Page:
Packing checklist to go overseas on your lifetime trip!
Start early – and I mean way early – start your packing now!
Seriously – if you can put away what you think each of you will wear on the trip, then you will have new items you won’t be tired of wearing all the time, once you go and it will help you to create that perfect Packing checklist (Remember that children will most probably be up a size). If confused about this, I advise you seek the guidance of luxury travel experts. I have to admit that such consultations have helped me in my family travel before, specifically in single parent travel since I am a single parent.
Then, sell your excess clothes, shoes and toiletries and other bags etc. Especially sell your business suits and corporate clothes.
List them online – set up a store if you have a lot. That way you can list them as 2nd hand and continue to wear them until they are sold.
Towards the end, you will have to open up your luggage and pack the few clothes left in your wardrobe: It will be easier to do that.
Don’t save many clothes, as, by the time you come back, the fashions will have changed. We ‘tried to’ 10 things a day. It was easy! Soon we had sorted our clothes.
After you have copied your CD’s and DVD’s to your computer, or ripped to a USB, sell off what you don’t really want.
Remember if you have a child, they will be older in return and not want ½ of them. We went through this two or three times as well as toys.
Luggage and Bags – Backpack / Suitcase
I suggest 2 rolling backpacks as your main luggage. Or a good large rolling backpack, and an old rolling suitcase you can discard along the way. You can easily sell for a few $$ once you have used the contents up.
Buy a rolling backpack that is as light and as big as you can handle, and that has lots of pockets especially a separate pocket for shoes and wet items.
Our friendly repairer – The Bag Doctor, enthusiastically helped motivate us for this trip. Plus he made sure our luggage was the right quality for the trip and gave us some great tips.
He recommends a wide strap around your bag as it adds as an extra handle. He also added a pull-out base so the backpack can stand up using the rolling feature.
We would love to feature a link to the supplier here but are awaiting confirmation as there are great products there. Such adjustments make your bag easy to identify.
What Luggage and Bags to Pack & what requirements
Ultra strong and lightweight extra large tote bag
Great to use for moving short distances if you have beddings etc.
Add to your bag – Locks
Use airline friendly locks or tie thread through the zippers so you know if your bag is tampered with.
Add to your bag – straps
Refer The Bag Doctor recommendation above
Backpacks for planes and buses
We both have small rolling backpacks with lots of pockets for the plane. A smaller one for the child.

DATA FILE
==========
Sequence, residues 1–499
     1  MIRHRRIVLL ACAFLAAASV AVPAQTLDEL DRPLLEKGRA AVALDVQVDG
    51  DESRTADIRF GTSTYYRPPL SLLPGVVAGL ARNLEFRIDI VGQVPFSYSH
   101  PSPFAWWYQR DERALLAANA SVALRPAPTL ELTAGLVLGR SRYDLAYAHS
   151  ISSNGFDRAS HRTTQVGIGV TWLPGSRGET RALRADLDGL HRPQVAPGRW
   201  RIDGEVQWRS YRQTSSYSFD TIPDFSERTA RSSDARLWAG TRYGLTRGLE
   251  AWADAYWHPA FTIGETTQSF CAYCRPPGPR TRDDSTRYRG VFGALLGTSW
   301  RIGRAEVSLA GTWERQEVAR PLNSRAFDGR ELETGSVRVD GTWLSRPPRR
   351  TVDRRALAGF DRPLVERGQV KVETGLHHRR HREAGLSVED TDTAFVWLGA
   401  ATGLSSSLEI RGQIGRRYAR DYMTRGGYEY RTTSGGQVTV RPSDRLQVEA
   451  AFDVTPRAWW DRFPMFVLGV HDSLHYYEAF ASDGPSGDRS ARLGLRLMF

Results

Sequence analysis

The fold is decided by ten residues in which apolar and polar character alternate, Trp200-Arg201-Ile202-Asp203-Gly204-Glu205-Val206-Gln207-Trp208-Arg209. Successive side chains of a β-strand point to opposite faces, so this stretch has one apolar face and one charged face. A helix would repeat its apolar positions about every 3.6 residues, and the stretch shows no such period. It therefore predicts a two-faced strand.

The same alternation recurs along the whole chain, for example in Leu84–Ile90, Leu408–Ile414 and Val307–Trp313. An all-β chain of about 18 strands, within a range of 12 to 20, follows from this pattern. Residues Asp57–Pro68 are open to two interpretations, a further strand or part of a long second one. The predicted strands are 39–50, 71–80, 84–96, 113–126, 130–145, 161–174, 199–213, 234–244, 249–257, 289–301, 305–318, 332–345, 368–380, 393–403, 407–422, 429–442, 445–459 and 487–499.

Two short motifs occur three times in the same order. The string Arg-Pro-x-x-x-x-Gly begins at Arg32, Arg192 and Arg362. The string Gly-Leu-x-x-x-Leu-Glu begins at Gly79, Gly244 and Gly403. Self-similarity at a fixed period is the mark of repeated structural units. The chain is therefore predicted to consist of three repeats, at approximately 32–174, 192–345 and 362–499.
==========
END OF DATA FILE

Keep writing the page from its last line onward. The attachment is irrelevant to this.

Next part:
Always buy quality bags – I bought a new one for my son off eBay at a fraction of the original price.
Lunch cooler bag
I found 2 small rectangle insulated ones that folded flat – great for keeping lunches cold when hiking.
Buy a separate backpack again with lots of pockets (you pack in your luggage). Try to get slash-proof.
You can pre-pack with day items in your luggage. Make sure the daypack has pockets for your water bottles on the outside and preferably elastic lace thatch area you can stuff a jumper etc.
Add to your bag – Sew on Aussie badges
I have been told in some countries it is safer to be an Australian than someone from the States – eg: Cuba etc (not wishing to offend).
External Money Belt
I still suggest the safety of a money belt for both child and parent. Though be aware that these are dead easy to pickpocket in a crowd, same as your backpack. My son has to carry his iPod and camera in his, though I sometimes take when we are in dubious places.
A tip – never let them play with electronics in 3rd world places like café’s where you can be a target for robbery.
Parents – be responsible and set rules before the trip on how often and where the gadgets can be used. My son is never permitted to play and walk as he might be easily distracted, his hands can’t be held, and therefore he becomes a target for robbery.
I have also discovered that it is good to attach Velcro to your daypack or money belt front. You will hear it if someone tries to open it. Make sure it is not in an area that sticks to your clothes.
Internal pouch or thin cloth flesh colored Money Belt
I carry one for my valuables. Sometimes though, it is hard to access, so be practical as you can expose it unnecessarily.
And finally, before you go… Test everything!
This point has been sent to me by my sister BJ tonight by iPhone from the Aussie Bush. She has a new folding shovel and is out camping. And alas it will not open.
She has reminded me to TEST EVERYTHING. That zips work, locks function, and all gadget open and close.
Thanks for the tip BJ! It will help with our Packing checklist to have it all checked too.
Questions and Comments
How do you get ready for a trip?
Aside from the mentioned, What items do you include in your packing list?